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Middleware techniques and optimizations for real-time, embedded systems

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1 Author(s)
D. C. Schmidt ; Dept. of Comput. Eng., California Univ., Irvine, CA, USA

Due to constraints on footprint, performance, and weight/power consumption, real time, embedded system software development has historically lagged mainstream software development methodologies. As a result, real time, embedded software systems are costly to evolve and maintain. Moreover, they are often so specialized that they cannot adapt readily to meet new market opportunities or technology innovations. To further exacerbate matters, a growing class of real time, embedded systems require end-to-end support for various quality of service (QoS) aspects, such as bandwidth, latency, jitter, and dependability. These applications include telecommunication systems (e.g., call processing and switching), avionics control systems (e.g., operational night programs for fighter aircraft), and multimedia (e.g., Internet streaming video and wireless PDAs). In addition to requiring support for stringent QoS requirements, these systems are often targeted at highly competitive markets, where deregulation and global competition are motivating the need for increased software productivity and quality. Requirements for increased software productivity and quality motivate the use of Distributed Object Computing (DOC) middleware (A. Gokhale and D.C. Schmidt, 1999). Middleware resides between client and server applications and services in complex software systems. The goal of middleware is to integrate reusable software components to decrease the cycle time and effort required to develop high quality real time and embedded applications and services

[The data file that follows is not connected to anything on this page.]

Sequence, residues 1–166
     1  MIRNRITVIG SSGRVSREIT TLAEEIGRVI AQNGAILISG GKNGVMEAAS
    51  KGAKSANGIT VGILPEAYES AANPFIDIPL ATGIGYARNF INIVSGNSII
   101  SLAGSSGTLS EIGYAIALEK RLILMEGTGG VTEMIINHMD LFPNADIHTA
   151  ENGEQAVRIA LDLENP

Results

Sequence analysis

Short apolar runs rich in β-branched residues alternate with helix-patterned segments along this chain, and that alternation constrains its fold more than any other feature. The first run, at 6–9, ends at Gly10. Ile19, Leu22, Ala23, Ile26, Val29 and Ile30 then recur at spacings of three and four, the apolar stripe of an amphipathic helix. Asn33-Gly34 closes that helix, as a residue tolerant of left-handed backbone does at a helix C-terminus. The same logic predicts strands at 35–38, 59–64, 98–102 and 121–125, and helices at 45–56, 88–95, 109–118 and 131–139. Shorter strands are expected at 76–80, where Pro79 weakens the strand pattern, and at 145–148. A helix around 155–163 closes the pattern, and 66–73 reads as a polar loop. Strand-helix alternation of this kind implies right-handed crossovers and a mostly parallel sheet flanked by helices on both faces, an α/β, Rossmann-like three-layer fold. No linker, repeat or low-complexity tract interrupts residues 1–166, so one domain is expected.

Published in:

System Synthesis, 1999. Proceedings. 12th International Symposium on

Date of Conference:

Nov 1999